Tetzaveh and Shushan Purim

Rabbi Philip Weintraub
Congregation B’nai Israel
Feb 27, 2021
Tetzaveh/Shushan Purim

In chapter 28 of Exodus/Shmot, we learn about the garments of the priests of the Mishkan, the Tabernacle (and eventually the Temple). While they may be functional garments, their form is VERY elaborate. They are not modern or simple, but elaborate, jewel-covered, shiny, glittery, resplendent! Gold, purple, blue, crimson. Gem stones representing the tribes. Gold, gold and more gold! Aaron was walking around as shiny as the inside of Fort Knox!

Chapter 30 describes the altar. Made out of acacia wood, it is overlaid with pure gold. It has gold rings, gold horns, gold decorations. The altar, the place where sacrifices were offered; the locale for the main communications to God was not a Home Depot or Big N’ Cheap altar. It was a Nieman Marcus/Tiffany’s altar. It had style!

Last week we read about the plans for the construction of the Tabernacle. While not every piece was gold or precious metals, gemstones, and valuable threads and materials were woven throughout. It was an awe-inspiring place.

It makes me think about synagogue and church architecture. While there are myriads of styles and forms, I think the biggest choice is between cathedrals and simple prayer spaces. Do we make our shuls huge and ostentatious—like Temple Emmanuel or Central Synagogue in Manhattan or simple spaces like a New England country church. Do we prefer white clapboard or gilded everything?

Or do we choose a third option—a synagogue like ours? In many ways it is a compromise solution. We have the beauty of the stained glass, the space to expand into a magnificent ballroom, yet it is also more intimate. It is designed to bring us closer together—when COVID doesn’t keep us sitting so far apart.

Our parsha pushes in the direction of elaborate beauty. It’s architecture was unique, but also in the styles of its times. I wonder what it would look like if the Torah was given today. Would the Temple look like the Guggenheim or Emmanuel? Both are vast, but in very different ways!
For me, the biggest challenge with this parsha (and how it relates to our own construction) is how we interpret it. We might interpret the parsha to say that every shul should be a Temple, should be over-the-top, extravagant. I believe that is incorrect. We have to recognize not only our community and its needs in the building of our buildings, but also the atmosphere that we are trying to create.

While form is important, the function is, too. The elaborate clothing Aaron wore had a function. Not only did it show his role, it also helped him communicate with God. Although the rabbinic commentators did not entirely understand the methodology, the breastplate of Aaron served as a communication device with God. Through the Urim and Thummim, which were placed inside the breastplate, Aaron had his own satellite phone to God, helping him to render decisions for the people Israel. Some commentators even suggest that the gemstones lit up as a way for Aaron to discern the Divine Will.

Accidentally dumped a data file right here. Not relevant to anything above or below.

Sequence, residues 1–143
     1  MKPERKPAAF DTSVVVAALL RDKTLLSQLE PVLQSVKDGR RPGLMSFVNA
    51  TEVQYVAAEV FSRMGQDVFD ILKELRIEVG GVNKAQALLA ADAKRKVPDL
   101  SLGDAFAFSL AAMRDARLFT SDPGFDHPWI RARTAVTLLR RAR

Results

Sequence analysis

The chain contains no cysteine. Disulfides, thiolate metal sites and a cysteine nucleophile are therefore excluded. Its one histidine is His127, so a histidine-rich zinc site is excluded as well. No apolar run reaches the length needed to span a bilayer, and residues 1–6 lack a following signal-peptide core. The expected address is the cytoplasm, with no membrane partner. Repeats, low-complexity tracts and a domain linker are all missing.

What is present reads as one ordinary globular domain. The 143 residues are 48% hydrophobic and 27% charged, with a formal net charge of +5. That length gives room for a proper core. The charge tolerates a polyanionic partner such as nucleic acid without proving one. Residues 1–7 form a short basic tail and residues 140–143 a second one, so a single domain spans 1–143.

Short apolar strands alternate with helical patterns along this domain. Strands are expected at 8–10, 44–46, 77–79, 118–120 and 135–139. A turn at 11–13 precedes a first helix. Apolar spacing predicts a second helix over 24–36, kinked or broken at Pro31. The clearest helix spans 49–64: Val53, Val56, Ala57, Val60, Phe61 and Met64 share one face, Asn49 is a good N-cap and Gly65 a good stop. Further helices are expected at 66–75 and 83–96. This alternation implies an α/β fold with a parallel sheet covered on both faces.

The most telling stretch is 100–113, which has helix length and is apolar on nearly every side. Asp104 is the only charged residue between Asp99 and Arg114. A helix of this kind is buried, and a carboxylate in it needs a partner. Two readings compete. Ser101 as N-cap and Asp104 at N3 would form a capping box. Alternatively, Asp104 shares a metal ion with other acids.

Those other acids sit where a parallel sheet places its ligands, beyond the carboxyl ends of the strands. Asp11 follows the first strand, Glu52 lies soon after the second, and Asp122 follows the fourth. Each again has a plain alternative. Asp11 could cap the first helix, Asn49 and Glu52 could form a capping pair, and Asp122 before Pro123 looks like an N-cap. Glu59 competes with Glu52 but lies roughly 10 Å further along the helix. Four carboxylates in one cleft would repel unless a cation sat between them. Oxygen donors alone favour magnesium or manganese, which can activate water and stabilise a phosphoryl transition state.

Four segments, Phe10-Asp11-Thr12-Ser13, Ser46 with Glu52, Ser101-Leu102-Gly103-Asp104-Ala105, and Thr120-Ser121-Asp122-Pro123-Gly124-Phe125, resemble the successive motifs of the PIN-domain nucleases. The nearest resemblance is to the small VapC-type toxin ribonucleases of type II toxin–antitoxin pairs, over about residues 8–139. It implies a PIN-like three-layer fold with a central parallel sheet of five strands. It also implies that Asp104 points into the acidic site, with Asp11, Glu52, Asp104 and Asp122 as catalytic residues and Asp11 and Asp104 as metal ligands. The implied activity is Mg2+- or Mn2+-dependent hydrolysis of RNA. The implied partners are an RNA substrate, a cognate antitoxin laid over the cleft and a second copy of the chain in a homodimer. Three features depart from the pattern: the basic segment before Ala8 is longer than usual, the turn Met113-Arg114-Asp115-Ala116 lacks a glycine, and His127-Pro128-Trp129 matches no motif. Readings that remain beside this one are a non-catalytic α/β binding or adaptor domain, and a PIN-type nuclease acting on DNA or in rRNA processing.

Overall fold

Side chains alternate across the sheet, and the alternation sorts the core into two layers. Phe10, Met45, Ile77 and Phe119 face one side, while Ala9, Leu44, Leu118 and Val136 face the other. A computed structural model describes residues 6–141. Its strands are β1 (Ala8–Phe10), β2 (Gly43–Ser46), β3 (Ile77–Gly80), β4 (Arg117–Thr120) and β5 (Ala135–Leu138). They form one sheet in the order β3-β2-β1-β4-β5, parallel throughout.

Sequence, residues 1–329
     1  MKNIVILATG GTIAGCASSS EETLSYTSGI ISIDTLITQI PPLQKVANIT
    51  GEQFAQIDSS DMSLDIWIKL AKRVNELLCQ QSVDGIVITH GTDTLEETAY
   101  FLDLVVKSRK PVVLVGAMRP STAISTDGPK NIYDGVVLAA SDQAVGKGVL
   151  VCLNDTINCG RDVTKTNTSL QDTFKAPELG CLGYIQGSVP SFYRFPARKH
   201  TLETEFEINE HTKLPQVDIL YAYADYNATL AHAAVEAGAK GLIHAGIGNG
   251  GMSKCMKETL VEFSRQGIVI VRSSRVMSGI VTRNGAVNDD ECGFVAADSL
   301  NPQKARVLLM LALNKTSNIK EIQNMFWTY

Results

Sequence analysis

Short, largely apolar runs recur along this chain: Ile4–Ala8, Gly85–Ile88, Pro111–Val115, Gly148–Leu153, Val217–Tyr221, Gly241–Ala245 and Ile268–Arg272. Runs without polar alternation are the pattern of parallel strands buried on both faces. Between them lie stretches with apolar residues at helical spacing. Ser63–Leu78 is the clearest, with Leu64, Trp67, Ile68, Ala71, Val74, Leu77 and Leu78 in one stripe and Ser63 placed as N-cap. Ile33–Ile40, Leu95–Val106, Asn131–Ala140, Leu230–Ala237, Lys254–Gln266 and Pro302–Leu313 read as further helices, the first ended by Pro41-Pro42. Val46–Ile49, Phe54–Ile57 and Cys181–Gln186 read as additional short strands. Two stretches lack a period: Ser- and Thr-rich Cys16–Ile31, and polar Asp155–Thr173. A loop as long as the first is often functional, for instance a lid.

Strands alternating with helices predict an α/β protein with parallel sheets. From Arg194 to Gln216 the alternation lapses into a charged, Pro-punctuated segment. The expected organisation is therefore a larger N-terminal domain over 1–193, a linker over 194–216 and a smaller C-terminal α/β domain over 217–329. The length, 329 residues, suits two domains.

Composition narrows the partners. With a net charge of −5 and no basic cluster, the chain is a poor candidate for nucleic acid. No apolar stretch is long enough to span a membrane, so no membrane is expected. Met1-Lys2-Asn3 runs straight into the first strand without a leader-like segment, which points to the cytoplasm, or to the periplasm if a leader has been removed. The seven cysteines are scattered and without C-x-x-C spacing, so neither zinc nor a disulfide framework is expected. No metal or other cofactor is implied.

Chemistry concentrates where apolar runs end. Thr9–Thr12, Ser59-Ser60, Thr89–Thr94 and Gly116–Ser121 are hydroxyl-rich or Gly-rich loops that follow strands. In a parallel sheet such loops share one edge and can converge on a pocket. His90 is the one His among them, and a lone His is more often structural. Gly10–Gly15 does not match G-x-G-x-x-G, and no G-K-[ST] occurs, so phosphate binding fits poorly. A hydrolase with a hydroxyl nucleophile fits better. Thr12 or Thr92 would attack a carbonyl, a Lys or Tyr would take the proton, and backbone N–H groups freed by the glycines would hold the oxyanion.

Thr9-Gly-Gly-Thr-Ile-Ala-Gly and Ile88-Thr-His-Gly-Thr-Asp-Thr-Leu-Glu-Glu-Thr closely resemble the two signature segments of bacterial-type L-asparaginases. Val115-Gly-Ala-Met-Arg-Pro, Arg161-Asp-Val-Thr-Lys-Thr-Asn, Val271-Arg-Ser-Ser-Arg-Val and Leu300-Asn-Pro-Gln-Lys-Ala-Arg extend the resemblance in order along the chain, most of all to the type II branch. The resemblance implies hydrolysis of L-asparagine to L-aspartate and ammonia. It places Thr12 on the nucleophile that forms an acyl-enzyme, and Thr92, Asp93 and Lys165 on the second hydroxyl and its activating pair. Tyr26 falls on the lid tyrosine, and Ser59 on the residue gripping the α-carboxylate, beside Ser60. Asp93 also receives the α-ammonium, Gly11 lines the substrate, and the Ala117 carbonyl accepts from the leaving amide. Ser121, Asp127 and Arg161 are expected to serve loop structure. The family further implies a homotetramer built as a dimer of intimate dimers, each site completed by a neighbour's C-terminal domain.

Around the altar, the gold served not only as decoration, but also as a method to transport the ark. Decorative handles also served a purpose. The design of the altar was such as to assist in the sacrificial process. While the form was beautiful, it was very functional.

The Aron Kodesh was gilded inside and out. As you may have heard me say at funerals, this teaches a spiritual lesson, we must have integrity, to ensure that our outsides match our insides. We must not only speak our values, but live them.

In our own synagogue spaces, we have to remember the functions, in addition to the form. We have to make sure that we construct spaces that fit their environment, with the appropriate insulation, windows, heating and cooling systems for their climate. We have to make sure our shuls have the acoustics for the type of worship we desire—whether lay or clergy led—whether from the bimah or the pews.

Finally, we must be aware of the costs of our choices, both current and future expenses. When do we need to spend more now to save on maintenance later? When do we scale down too much and forget about the importance of majesty, or awe?

Standing in our holy space, I am grateful to the many of you who planned this building. The choices you made have stood up well. While we do have maintenance expenses, the design remains sound. So far it has stood the test of time--even as our current needs are different than those of the past. While I cannot predict what the future will hold, I look forward to being here for it.

Last week I was blessed to be able to participate in the beautiful mitzvah of welcoming a ger toshav, of bringing a new soul into the covenant of our people. Since the Gulf waters were chilly, we schlepped to Maitland for mikvah. I have been told we are piped for one here--maybe in the years to come we can finish it and welcome many more new Jews--right here at CBI!

Shabbat Shalom